- The Washington Times - Friday, October 27, 2000

Al Gore promises that, if he is elected president, he will create a new program to reward people for saving

some of their paychecks. Allowing politicians to get involved subsidizing private savings makes about as much sense as putting a convicted child molester in charge of candy distribution at an elementary school.

For couples with income below $30,000, Mr. Gore proposes for the federal government to give them $3 for each $1 they save. For couples earning from 30,000 to $60,000, Mr. Gore wants the feds to match dollar for dollar and for couples making $60,000 to $100,000, Mr. Gore proposes the feds provide $1 in savings for each $3 they deposit. For all three groups, the federal match would top out at $2,000 a year. Economists estimate the new subsidy could cost $150 billion a year.

A Gore campaign book proclaimed: "The principle behind these accounts is simple. We should give help to hard-working Americans who want to save." A Gore campaign press release bewailed that "the personal savings rate has fallen by half over the past decade." The heavy burden of federal taxes is a major reason why people save less. Federal income tax revenue doubled between 1992 and 2000. The total tax burden on the average family with two earners rose 3 times faster than inflation.

However, according to the Gore view of the world, taxation could not possibly be part of the reason since government action could not possibly have any negative effect on anyone (except for large pharmaceutical companies, and they get what they deserve).

Mr. Gore perennially describes his savings subsidy scheme as "generous." One could easily get the impression the savings match is actually coming out of Mr. Gore's own pocket. Actually, it is more akin to the generosity that a mugger might show when he allows you to keep one credit card after he steals your wallet at gunpoint.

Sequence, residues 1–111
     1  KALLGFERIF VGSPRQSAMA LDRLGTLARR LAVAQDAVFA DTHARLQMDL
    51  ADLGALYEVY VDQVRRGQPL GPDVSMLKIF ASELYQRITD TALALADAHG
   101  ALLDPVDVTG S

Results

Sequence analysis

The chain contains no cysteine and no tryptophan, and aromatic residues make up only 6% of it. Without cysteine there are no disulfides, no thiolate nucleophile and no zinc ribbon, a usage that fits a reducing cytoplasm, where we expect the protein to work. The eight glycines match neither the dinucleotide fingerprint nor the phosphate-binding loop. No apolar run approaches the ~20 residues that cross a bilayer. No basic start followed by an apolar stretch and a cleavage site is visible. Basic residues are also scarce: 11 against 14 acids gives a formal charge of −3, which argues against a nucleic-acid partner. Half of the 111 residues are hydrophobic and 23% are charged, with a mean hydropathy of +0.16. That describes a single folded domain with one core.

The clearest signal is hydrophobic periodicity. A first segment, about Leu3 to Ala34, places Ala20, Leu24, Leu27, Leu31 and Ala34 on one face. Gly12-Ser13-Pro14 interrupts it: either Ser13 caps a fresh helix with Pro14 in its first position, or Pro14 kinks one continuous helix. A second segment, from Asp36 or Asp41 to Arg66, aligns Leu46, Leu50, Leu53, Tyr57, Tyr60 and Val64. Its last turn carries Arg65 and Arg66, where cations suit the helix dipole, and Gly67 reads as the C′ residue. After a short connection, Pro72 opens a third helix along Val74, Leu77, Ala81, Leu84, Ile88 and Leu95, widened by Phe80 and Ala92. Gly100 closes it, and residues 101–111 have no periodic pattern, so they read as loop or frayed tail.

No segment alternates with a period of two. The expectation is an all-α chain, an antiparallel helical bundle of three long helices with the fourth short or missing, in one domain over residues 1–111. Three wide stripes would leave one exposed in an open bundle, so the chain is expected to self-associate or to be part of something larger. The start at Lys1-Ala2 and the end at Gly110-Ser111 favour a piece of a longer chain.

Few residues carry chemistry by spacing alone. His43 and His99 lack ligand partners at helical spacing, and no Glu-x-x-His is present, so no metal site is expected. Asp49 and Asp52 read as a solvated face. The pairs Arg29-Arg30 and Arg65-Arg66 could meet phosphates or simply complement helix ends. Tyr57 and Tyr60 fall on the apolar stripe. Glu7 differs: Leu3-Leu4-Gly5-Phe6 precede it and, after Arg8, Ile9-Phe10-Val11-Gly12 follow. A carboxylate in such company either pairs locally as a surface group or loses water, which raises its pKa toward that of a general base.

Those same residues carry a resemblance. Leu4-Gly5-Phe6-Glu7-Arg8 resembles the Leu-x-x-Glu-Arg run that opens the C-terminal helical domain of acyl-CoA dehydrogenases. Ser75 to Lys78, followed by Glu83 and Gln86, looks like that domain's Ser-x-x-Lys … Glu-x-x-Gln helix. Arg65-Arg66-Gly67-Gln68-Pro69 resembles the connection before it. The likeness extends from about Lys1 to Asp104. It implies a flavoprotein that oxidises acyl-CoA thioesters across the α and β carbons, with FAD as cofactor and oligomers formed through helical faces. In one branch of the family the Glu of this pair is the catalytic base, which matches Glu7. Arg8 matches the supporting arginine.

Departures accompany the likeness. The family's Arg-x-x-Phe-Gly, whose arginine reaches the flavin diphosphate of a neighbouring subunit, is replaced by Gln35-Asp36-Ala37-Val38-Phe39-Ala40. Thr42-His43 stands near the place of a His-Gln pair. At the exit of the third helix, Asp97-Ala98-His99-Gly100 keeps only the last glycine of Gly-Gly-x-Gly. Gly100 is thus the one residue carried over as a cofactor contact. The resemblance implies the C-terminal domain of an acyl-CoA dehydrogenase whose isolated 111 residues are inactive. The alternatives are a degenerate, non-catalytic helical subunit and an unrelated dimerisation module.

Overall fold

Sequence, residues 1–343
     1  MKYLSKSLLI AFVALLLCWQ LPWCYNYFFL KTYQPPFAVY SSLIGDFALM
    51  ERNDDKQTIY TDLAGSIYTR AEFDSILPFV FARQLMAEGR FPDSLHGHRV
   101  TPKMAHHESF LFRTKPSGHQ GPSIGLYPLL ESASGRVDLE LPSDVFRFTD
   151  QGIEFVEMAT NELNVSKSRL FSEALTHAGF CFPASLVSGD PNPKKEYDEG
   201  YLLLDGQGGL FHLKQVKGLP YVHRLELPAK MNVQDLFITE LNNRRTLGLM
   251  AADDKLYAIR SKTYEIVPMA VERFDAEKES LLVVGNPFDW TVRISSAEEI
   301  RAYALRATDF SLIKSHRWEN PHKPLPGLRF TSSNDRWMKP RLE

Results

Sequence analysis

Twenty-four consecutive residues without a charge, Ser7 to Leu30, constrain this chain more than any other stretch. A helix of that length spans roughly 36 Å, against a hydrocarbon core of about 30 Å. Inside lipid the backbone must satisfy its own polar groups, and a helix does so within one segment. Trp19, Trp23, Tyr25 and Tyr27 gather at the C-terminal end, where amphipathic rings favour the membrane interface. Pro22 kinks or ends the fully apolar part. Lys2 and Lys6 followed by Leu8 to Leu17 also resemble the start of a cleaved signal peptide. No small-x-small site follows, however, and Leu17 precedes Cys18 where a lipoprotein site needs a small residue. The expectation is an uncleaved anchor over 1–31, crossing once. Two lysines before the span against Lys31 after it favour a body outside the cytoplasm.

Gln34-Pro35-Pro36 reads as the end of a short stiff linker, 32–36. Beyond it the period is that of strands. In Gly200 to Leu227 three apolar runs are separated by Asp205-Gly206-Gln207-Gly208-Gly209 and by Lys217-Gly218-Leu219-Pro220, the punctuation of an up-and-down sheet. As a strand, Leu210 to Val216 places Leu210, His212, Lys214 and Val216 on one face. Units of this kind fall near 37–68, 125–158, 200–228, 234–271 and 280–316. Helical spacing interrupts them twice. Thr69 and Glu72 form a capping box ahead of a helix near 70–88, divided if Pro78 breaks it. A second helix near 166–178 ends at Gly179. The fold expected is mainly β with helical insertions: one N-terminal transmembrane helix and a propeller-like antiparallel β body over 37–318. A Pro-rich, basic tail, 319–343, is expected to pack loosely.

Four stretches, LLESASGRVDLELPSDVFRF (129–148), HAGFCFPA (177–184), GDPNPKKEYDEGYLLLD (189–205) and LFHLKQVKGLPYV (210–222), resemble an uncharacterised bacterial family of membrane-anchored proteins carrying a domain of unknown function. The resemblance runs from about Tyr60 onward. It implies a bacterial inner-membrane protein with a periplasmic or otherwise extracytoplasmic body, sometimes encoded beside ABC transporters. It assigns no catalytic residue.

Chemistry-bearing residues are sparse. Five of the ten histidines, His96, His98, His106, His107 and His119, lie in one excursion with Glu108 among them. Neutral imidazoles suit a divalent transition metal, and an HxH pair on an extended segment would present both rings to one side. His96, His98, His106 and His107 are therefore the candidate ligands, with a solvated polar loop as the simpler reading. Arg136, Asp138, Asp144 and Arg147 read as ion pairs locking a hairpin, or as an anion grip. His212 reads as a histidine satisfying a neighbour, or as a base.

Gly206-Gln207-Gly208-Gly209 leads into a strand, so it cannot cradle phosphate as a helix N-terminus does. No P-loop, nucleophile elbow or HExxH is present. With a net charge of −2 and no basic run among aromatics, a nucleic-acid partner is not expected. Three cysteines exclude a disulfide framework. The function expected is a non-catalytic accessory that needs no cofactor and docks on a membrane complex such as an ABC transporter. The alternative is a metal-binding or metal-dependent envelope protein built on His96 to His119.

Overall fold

Mr. Gore's rhetoric is another attempt to make citizens see government as a father figure as an all-wise, all-caring entity far more concerned about citizens' future than are citizens themselves. Maybe Mr. Gore will next propose that anyone who saves at least 3 percent of their earnings will receive a year's supply of lollipops and that if someone saves 5 percent of their salary, they win a federally paid trip to Disneyland.

The combination of taxation and inflation destroys incentives to save for most Americans. Mr. Gore assumes that people are so stupid they do not respond when they are being taxed like serfs and so greedy they will scramble at any offer of a handout even if it a only a pittance of their tax payments being returned to them. Mr. Gore's savings proposal is classic political sadism-masochism assuming that politicians are entitled to simultaneously punish and reward the same behavior.

Mr. Gore's proposal probably does strike many Americans as generous. But do you really want to enter into a partnership with an 800-pound gorilla with a bad temper?

Naturally, Mr. Gore promises the funds in people's savings accounts would be their own money with no political risk. Ironically, this is the same message that the Social Security Administration initially promulgated and we know what politicians have done to those "individual accounts."

Even if Mr. Gore were trustworthy, there is nothing to bind future presidents and Congresses from dictating how people will use their subsidized savings accounts. When the federal government again has large budget deficits, politicians could compel citizens to use their subsidized savings to buy U.S. Savings Bonds regardless of the miserable rate of returns the bonds might provide.

One certainty is that federal policies over the subsidized savings accounts would not be covered by the kind of banking fraud laws that govern private savings accounts. Thus, politicians would be under no constraint to deal honestly with the people they purport to help. (Thank God for sovereign immunity.)

The Supreme Court ruled in 1942: "It is hardly lack of due process for the government to regulate that which it subsidizes." Tax policy has been the single largest force in undermine the independence and self-reliance of the average citizen, and tax revenues have been the driving force in buying submission.

To assume that subsidies do not subvert liberty is to believe that politicians do not like power. It is only a question of time until some politician or some bureaucrat finds it in their interest to exercise the power latent in the subsidy. The expansion of subsidies guarantees the expansion of political power.

Rather than a new government subsidy, perhaps we need the equivalent of a "Megan's Law" a publicly posted list of politicians who have subverted savings in the past and thus must never be allowed to get within five miles of private bank accounts.

James Bovard is the author of the just-published "Feeling Your Pain: The Explosion & Abuse of Government Power in the Clinton-Gore Years" (St.Martin's Press).

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